Mud Fever

These information sheets are provided for your interest. They should not replace veterinary advice from your veterinary surgeon.

Whilst every effort is taken to ensure the accuracy and completeness of the information provided, your specific circumstances must be discussed before advice can be given.

Mon, 11/04/2022 - 11:25 -- Ashley Stewart MRCVS

Also known as pastern dermatitis or ‘greasy heel’, mud fever is most frequently seen in horses during wet and muddy conditions. It is caused by the bacteria Dermatophilus congolensis, which thrives in these conditions. This bacteria enters the body through cuts, grazes and wet skin before multiplying rapidly in the epidermal skin layers and causing an infection.

Mud fever commonly affects the back of the pastern, causing scabby lesions and inflammation. However the bacteria can also affect the skin over the hind quarters and along the back of the horse, causing a condition known as rain scald.

Predisposing causes

  • Spending a prolonged period of time in mild/damp conditions
  • Standing in deep mud
  • Constant washing of limbs
  • Excessive sweating due to rugging or long-hair coat
  • Limbs with lots of feathering are more likely to develop mud fever
  • Skin trauma due to cuts and grazes provides an entry point for bacteria into the skin
  • White limbs are more prone to infection
  • Mite infestation
  • Fungal infections


Mud fever is normally fairly straight forward to identify, however diagnosis of the exact cause is not always easy. Your vet may take hair samples, perform a skin scrape or takes samples of the scabs if the cause is not easily identifiable. If the condition is not responding to treatment then your vet may potentially want to perform a full thickness skin biopsy.


This varies depending on the inciting cause of the mud fever, and there is no single effective cure. Treating underlying conditions such as mite infestation or a fungal infection if present is important to allow the skin’s natural barrier to heal.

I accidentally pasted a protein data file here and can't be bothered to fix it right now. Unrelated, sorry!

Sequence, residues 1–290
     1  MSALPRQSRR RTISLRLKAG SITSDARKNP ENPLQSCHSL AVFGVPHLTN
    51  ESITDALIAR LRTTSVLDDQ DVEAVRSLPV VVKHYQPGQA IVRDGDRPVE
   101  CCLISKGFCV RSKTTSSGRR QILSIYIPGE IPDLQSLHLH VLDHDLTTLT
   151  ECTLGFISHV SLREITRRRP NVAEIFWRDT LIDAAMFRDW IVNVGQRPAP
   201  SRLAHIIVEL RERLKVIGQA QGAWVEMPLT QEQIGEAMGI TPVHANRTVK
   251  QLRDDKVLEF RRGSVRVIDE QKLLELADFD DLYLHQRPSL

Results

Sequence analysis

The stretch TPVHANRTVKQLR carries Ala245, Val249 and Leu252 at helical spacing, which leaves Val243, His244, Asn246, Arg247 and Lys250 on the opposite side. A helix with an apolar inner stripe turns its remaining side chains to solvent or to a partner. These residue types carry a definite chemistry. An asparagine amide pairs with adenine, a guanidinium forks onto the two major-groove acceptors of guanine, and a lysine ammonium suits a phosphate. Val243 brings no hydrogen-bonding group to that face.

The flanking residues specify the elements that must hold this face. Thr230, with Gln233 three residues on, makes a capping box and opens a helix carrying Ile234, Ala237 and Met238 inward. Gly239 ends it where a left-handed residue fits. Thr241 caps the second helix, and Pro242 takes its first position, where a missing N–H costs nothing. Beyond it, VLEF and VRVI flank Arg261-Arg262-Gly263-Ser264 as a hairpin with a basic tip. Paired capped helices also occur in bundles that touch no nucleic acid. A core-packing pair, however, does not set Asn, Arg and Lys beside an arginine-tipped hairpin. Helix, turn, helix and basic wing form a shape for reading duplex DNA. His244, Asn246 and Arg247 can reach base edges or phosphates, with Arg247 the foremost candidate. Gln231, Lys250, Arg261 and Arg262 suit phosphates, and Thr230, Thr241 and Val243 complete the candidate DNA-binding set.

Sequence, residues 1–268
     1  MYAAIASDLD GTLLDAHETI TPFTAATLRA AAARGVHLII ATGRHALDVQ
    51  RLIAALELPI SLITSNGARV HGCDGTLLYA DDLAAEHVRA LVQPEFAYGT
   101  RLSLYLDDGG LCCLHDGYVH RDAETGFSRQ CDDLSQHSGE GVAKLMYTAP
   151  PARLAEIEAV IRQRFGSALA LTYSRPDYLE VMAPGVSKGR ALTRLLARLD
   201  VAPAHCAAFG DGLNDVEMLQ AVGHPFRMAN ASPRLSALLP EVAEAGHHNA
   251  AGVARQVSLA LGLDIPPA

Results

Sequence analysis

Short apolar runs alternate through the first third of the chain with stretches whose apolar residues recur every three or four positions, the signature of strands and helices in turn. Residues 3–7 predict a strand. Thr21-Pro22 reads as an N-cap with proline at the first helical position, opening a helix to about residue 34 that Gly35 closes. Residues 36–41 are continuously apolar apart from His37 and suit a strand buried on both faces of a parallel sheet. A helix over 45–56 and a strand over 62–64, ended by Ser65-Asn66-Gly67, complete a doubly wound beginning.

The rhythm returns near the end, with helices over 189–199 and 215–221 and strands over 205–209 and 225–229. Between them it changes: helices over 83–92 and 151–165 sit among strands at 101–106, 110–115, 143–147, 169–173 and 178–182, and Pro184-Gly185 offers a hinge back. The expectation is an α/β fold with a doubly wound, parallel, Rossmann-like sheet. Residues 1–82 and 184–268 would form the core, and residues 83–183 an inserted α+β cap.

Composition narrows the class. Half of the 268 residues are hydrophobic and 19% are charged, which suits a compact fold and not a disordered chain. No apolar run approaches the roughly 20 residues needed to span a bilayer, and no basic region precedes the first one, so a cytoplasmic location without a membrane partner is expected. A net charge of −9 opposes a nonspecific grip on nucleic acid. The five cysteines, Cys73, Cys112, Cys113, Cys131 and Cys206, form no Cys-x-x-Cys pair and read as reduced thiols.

The fundamental elements of treatment include:

  1. Stabling the horse
    1. Prevents the area from getting muddy
    2. Removes the wet/dry cycle which damages the skin barrier
  2. Clipping the legs of heavily-feathered horses
    1. Allows easy visualization of affected areas
    2. Allows easier removal of scabs and cleaning of area
  3. Removal of scabs
    1. Bacteria live in the scabs, so infection will not resolve unless these are removed
  4. Cleaning of affected areas with warm water containing dilute Hibiscrub
    1. Softens and removes scabs
    2. Treats infected lesions on the leg
  5. Drying of the affected limb with a towel
    1. Use a different towel for each leg to prevent spread of infection
  6. Application of a topical antibiotic cream to the lesions

There are further treatment regimes that your vet may use, including systemic antibiotics, anti-inflammatories, mite treatments or steroids.

Prognosis for simple mud fever cases is good, with the vast majority of horses recovering with only the basic treatment regime recommended above. However if there is an underlying condition present, this needs to be treated first to prevent recurrence.


Historically many owners have washed mud off their horse’s legs at the end of daily turnout. However this constant wetting and chilling of the skin can make it vulnerable to infection. Nowadays the author would tend to advise that the mud is allowed to dry on the legs before being brushed off.

Horses with hairy lower limbs may benefit from clipping, particularly if they have long feathers. Not only does this enable diagnosis in the early stages, but it also helps to prevent the skin from becoming cold and moist.

If you are taking your horse for a ride in muddy conditions, then it is sensible to try to waterproof the lower limbs. This can be achieved by using barrier creams. However this should only be done if you are absolutely certain that there is no skin infection present, as otherwise you risk trapping infection in the skin. Alternatively the use of waterproof leg wraps during turnout can help prevent the lower limbs from becoming wet and muddy.